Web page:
The mountains inside us are changing today


The mountains are elements of the landscape rooted in our culture.

I don’t know if you’ve ever thought about it, but for those of us who live in the mountains, the hay meadows, pastures, woods, high-altitude grasslands, rock faces, mountain peaks and glaciers are elements of the landscape rooted in our culture. Our past, present, and future life has revolved, revolves, and will revolve around these components. We can therefore say that it is the mountains that lie within us that have, in part, shaped our thinking, our being, our emotions. Out of love or out of necessity, we depend on them. You too, especially as children, will have drawn the mountains on a sheet of paper and, if you remember, on the peaks we depicted snow and glaciers. After all, for those who live in our region, glaciers – above all – are an ever-present component in our field of vision. In the Adamello-Presanella group you find their maximum expression, and from the Brenta Dolomites you can admire a 180° view of them. If we think about it, glaciers are an element of the landscape with an aesthetic, philosophical, ethical, historical, economic and, last but not least, scientific meaning for all of us.

Glaciers can tell us stories related to mountaineering exploration, the use of glacial melt water to generate hydroelectric energy, summer and winter sports, events related to the White War with the discovery of artefacts, the wealth of unique plant and animal species that live on or around them, tourism that finds peace and pleasure simply in observing them, and much more besides. International scientific literature is providing an increasing amount of solid proof that ongoing global warming is causing anthropogenic emissions of climate-altering gases. Glaciers that are drastically retreating and, in some areas, disappearing, are a sadly iconic symbol of these changes for all of us.

Our planet is losing ice, and this has already been going on for more than a century.

Glaciers can tell us many stories, but we could be the last generation that has the opportunity to hear them. Retreating glaciers are radically changing the physiognomy of the high-altitude landscape, and their loss of volume is not the only evidence. By retreating they free up new areas that are quickly colonised by new organisms, both flora and fauna: more competitive organisms, better adapted to new environmental conditions. However, this is leading to the local extinction of plants unique to these environments. Recent research, carried out by Muse in collaboration with other research bodies, reports that we could lose about 20% of the high-altitude species that live at the edges of the glaciers. Not forgetting the local extinction, already ascertained in some areas of the Dolomites, of certain cold-loving insects that act as key sentinels of climate change for those involved in climate science. We must therefore begin to get used to the idea of a different high-altitude landscape in the near future compared to how we drew it as children. This must involve new strategies to manage, protect, use and enhance these environments. Glaciers have a high pedagogical value, so let’s bring children, young people and our own children to visit them and raise awareness so that small changes in their and our daily actions can lead to a more sustainable future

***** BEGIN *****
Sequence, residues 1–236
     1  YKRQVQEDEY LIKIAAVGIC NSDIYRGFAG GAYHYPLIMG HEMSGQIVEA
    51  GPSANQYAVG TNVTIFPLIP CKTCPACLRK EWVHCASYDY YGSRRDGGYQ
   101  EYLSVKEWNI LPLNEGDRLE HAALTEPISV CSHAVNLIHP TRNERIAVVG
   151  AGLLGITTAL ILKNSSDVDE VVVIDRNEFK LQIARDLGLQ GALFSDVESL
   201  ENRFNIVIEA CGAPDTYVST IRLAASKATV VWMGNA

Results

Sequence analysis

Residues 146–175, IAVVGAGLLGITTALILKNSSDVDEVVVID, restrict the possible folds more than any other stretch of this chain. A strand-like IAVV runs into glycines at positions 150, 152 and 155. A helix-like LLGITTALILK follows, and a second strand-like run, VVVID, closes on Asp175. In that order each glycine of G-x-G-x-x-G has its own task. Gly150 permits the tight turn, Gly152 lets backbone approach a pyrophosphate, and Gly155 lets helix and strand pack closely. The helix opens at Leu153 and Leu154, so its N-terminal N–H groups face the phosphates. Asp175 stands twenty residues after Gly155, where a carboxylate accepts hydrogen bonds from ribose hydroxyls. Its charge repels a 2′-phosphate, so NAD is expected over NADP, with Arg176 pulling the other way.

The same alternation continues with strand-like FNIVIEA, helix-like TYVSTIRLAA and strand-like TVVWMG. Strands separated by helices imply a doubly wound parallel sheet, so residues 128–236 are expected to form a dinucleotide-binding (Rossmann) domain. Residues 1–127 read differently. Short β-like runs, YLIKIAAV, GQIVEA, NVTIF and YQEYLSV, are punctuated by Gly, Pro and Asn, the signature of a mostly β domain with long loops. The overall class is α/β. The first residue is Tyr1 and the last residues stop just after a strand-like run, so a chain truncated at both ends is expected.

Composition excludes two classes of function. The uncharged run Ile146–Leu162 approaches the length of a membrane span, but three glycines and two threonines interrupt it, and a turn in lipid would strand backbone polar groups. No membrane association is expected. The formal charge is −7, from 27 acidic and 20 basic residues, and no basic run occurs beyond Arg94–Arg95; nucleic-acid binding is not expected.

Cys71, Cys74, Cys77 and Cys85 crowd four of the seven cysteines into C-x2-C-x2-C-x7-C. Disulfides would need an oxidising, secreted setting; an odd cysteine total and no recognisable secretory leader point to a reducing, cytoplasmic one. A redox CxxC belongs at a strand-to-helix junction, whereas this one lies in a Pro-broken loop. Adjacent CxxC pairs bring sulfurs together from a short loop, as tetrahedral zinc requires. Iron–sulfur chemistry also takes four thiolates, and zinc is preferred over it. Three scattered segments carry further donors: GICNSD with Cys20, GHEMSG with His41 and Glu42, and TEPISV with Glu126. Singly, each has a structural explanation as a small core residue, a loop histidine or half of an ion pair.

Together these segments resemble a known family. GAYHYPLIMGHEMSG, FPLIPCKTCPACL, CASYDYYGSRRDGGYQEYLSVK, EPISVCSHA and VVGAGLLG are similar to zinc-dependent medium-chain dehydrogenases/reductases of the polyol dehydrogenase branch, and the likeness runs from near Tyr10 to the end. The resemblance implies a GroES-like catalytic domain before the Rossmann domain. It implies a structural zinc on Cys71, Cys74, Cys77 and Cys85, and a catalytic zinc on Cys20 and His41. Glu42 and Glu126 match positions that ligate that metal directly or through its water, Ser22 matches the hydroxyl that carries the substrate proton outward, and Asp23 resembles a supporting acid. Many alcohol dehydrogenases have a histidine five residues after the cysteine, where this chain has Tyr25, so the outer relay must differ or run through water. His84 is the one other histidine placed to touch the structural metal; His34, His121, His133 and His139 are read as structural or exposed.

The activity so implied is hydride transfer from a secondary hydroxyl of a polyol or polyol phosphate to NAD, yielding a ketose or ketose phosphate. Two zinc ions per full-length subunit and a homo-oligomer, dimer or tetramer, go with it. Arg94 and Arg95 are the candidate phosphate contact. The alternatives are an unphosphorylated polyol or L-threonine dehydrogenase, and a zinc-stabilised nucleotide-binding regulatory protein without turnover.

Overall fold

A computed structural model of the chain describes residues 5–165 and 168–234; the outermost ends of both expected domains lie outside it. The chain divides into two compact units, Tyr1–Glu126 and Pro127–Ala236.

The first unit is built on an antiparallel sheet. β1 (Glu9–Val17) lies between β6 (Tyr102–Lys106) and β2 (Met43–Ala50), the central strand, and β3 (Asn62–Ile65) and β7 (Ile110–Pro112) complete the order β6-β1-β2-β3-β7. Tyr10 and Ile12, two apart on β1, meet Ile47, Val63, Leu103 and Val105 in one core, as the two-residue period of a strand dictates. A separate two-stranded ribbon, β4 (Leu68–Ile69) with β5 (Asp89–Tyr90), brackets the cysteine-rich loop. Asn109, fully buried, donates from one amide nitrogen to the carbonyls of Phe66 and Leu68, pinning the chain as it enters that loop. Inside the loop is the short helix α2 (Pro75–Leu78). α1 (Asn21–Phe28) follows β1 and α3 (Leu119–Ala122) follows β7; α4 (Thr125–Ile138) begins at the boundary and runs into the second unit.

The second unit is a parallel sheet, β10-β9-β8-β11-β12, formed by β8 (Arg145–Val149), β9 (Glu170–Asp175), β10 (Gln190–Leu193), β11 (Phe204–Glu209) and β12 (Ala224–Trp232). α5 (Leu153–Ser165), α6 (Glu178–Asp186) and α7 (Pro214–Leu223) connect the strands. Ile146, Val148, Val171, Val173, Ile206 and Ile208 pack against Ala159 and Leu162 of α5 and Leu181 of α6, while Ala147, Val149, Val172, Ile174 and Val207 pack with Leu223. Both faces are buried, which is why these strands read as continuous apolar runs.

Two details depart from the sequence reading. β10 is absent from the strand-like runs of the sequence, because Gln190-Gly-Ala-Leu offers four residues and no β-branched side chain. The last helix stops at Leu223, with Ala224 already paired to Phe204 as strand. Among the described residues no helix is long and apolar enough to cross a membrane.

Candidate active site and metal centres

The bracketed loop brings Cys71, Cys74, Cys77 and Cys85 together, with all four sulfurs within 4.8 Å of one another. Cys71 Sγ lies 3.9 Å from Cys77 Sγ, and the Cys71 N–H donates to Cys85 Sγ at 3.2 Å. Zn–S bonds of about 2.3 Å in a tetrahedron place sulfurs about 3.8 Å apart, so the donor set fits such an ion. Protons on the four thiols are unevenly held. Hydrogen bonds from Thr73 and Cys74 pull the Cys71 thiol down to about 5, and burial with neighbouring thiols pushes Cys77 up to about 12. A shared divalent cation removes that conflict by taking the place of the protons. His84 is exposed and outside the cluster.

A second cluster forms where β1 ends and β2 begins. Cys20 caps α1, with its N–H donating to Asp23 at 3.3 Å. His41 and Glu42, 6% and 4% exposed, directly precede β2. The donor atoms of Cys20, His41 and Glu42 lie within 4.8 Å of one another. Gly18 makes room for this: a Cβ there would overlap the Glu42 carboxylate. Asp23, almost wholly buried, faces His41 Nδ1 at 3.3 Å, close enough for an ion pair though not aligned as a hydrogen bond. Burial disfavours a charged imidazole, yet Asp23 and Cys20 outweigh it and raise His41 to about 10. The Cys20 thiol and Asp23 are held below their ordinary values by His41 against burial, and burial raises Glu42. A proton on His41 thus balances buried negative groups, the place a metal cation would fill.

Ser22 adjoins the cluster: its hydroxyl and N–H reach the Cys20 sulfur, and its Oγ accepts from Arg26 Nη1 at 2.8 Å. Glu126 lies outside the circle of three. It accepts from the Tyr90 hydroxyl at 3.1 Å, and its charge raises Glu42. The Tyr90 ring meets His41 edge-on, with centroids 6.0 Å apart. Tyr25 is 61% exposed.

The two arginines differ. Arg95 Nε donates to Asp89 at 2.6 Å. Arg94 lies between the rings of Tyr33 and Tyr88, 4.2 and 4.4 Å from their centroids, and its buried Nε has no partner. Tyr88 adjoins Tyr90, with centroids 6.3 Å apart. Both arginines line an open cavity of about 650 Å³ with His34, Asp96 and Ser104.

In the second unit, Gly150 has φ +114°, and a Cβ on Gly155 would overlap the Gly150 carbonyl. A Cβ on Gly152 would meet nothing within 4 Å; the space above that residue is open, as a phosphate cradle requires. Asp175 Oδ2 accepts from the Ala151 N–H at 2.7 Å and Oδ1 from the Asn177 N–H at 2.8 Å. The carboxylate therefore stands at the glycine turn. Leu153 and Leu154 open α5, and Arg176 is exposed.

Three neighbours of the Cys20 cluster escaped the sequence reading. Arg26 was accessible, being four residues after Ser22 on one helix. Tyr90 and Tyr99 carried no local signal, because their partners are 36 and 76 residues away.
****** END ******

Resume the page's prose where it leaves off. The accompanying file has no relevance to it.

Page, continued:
MAURO GOBBI. Milanese, but with the mountains inside of him. After obtaining a PhD in Naturalistic and Environmental Sciences at the University of Milan, he took the opportunity to move to Trentino. He began collaborating with what was then the Tridentine Museum of Natural Sciences, now the Muse Science Museum of Trento, where he works as a researcher and entomologist. With his research group, and thanks to international collaborations, he investigates the effects of climate change on biodiversity, with particular reference to high-altitude insect communities which he uses as sentinels of environmental change. He has made scientific expeditions to the glaciers of the Alps, the Pyrenees, Scandinavia and the Andes, which have allowed him to have and share extremely valuable human and professional experiences.

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